8 Factors that Contribute to Your Venture’s Lift-Off Success
Many startups are led to believe a company’s success is down to the time, effort (and often tears) it takes to build a trialled and tested product that has a majority share of the market.
I translate this to, a) the amount of time and effort spent on, b) utilising skills to, c) build an idea into a product, that, d) people want to buy, and that, e) is of a higher perceived value than your competitors, that, f) allows you to be the more significant player in the market.
Typically, you could say these are all business model milestones, which you’re most likely in the midst of proving to your investors (if you have any) that yours is working.
While a viable business model is critical, wouldn’t it be great, if all you needed to succeed in business was a proven business model? There are many stories of should-be successful startups that have not managed to scale or even survive.
From my experience of working in, with and from observing what great and not so great startups pay attention to, there are around half a dozen dependent variables that come into play and impact on the amount of success a venture generates and on the leaders capacity to successfully lead and positively impact the world.
There’s also what I call the “Chief Variable” that’s independent of every other variable but is always at play. What I’ve come to learn is that the more you understand each of these variables and the impact each has on your business, the more “understanding” these variables becomes a variable in itself. Meaning your understanding of these variables will also alter.
Confused? Let me briefly try to explain the seven dependent variables before I explain the main one (the chief) that influences all the others.
1. Where you’re starting out from
The amount of success you generate is going to be different if you’re a first-time CEO compared to an experienced serial entrepreneur. Unlike first-time CEO’s many of them are not able to benefit from their previous experience and network they’ve built along the way. What this means is that it might take a little longer for you to get to where you want to get to.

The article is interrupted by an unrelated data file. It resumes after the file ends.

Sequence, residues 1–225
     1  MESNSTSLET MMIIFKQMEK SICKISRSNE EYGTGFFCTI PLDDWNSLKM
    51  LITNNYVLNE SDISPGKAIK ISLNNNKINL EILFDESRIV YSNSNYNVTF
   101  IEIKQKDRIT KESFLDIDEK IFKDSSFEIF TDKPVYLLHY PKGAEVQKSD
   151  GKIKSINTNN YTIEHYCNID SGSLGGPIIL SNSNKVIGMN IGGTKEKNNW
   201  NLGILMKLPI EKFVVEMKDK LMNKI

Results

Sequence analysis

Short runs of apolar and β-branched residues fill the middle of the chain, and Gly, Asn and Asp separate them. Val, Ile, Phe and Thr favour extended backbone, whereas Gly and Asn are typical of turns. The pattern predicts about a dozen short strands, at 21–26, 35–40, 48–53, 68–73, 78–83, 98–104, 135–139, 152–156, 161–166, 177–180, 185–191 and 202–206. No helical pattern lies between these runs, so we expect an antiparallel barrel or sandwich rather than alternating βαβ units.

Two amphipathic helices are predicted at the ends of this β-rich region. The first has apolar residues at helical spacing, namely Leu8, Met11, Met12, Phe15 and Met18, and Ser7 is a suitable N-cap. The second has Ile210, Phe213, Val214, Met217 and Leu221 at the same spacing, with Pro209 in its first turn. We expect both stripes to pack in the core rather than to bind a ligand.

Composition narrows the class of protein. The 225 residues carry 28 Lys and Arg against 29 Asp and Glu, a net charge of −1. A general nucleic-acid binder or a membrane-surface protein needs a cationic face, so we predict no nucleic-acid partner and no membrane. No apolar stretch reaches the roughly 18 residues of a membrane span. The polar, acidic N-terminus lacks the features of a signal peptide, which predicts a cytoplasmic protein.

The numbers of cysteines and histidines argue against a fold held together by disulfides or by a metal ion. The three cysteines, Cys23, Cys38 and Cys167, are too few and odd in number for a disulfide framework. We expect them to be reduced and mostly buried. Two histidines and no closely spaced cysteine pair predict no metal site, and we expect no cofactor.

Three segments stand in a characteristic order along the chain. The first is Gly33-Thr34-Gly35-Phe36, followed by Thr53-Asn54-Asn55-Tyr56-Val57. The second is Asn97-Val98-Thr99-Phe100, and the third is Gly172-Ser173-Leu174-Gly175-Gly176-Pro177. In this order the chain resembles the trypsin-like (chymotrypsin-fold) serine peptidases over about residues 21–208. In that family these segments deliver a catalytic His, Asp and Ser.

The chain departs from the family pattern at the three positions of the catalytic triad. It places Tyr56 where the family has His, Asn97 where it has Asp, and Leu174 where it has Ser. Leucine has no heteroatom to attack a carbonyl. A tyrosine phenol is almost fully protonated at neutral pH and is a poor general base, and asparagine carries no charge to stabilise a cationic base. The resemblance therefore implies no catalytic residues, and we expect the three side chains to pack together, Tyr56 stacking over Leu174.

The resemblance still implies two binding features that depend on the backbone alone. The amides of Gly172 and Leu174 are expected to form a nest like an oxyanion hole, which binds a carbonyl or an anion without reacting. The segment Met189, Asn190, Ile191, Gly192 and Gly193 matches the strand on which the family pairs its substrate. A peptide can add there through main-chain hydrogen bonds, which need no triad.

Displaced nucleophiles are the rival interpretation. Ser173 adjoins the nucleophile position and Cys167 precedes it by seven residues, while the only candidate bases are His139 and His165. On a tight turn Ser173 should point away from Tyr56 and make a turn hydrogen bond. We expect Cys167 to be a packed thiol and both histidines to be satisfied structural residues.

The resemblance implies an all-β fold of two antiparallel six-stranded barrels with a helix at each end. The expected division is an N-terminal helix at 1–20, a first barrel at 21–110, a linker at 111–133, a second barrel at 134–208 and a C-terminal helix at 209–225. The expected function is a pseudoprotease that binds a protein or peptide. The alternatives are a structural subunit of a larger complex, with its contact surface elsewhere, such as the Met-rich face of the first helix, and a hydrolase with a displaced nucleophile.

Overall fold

2. The amount of time and effort
There is a myth that the more time and effort you put into trying to make something a success, the more it’s going to work out in the long run. More time and effort working on the wrong thing means you’ve misjudged where your business is going to create the most value.
3. Your chosen business model
Investing time and effort in the having the right strategy and repeatable, scalable business model in place is another variable most startups wrestle with at different stages of their growth and with varying success rates. Many companies get help from business accelerator programmes or mentors to help with testing a model that will work for their customers and products.
4. How well you and your team execute
Developing a scalable and repeatable business model is only of any value if you are able to fully execute and deliver on what you have set out in your strategy.
How well you are able to execute not depends on the availability of resource both technical and management and how accessible finance is if you need an additional round of funding.
5. Your competition
Even with the right resources in place, your team spending the right about of time, working on the right strategy, there’s another variable at play. This is the skills it takes to lead a company and the skills along with the knowledge and experience in the company versus that of your competition.
6. The people you hire
People often say it’s cliche to say ‘your people are your biggest asset’. Which I stand by, but even more than that, your people and the ideas they execute are your biggest competitive advantage. However, how “on their game” your people are when in the office fully depends on the Chief Variable Officer we’re yet to cover.
Chance, serendipity, synchronicity, convergence or fluke whatever you want to label it, is the last of these seven factors to mention. I mention it last because it’s a variable you can’t plan for, can’t predict or even guess. It doesn’t matter how many hours you invest in creating predictable business systems sometimes unforeseen things happen.
8. The Chief Variable
The Chief Variable can either hinder or help you in your company’s pursuit. It aces and impacts everything we have already spoken about so far in this article. When you’re under pressure to perform, it can make or break the day, and even the quarter you’re having.